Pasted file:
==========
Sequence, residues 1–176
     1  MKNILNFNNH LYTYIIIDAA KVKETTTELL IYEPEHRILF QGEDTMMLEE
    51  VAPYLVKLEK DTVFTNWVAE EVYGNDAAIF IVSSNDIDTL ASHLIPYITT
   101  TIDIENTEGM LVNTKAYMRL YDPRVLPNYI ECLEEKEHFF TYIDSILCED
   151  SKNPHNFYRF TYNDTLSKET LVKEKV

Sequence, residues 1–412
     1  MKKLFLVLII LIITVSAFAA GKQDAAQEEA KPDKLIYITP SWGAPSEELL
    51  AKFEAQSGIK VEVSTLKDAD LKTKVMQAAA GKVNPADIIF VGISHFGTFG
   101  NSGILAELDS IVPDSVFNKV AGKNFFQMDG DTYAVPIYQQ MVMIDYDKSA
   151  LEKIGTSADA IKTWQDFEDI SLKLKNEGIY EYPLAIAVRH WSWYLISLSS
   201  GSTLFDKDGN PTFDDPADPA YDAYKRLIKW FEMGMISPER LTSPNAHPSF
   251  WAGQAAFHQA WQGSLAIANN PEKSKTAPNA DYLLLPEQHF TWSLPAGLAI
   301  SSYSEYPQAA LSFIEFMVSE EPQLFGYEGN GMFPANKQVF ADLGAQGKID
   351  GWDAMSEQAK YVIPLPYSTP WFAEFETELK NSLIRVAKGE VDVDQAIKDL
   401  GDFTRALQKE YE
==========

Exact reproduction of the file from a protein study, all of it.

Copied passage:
Sequence, residues 1–176
     1  MKNILNFNNH LYTYIIIDAA KVKETTTELL IYEPEHRILF QGEDTMMLEE
    51  VAPYLVKLEK DTVFTNWVAE EVYGNDAAIF IVSSNDIDTL ASHLIPYITT
   101  TIDIENTEGM LVNTKAYMRL YDPRVLPNYI ECLEEKEHFF TYIDSILCED
   151  SKNPHNFYRF TYNDTLSKET LVKEKV

Sequence, residues 1–412
     1  MKKLFLVLII LIITVSAFAA GKQDAAQEEA KPDKLIYITP SWGAPSEELL
    51  AKFEAQSGIK VEVSTLKDAD LKTKVMQAAA GKVNPADIIF VGISHFGTFG
   101  NSGILAELDS IVPDSVFNKV AGKNFFQMDG DTYAVPIYQQ MVMIDYDKSA
   151  LEKIGTSADA IKTWQDFEDI SLKLKNEGIY EYPLAIAVRH WSWYLISLSS
   201  GSTLFDKDGN PTFDDPADPA YDAYKRLIKW FEMGMISPER LTSPNAHPSF
   251  WAGQAAFHQA WQGSLAIANN PEKSKTAPNA DYLLLPEQHF TWSLPAGLAI
   301  SSYSEYPQAA LSFIEFMVSE EPQLFGYEGN GMFPANKQVF ADLGAQGKID
   351  GWDAMSEQAK YVIPLPYSTP WFAEFETELK NSLIRVAKGE VDVDQAIKDL
   401  GDFTRALQKE YE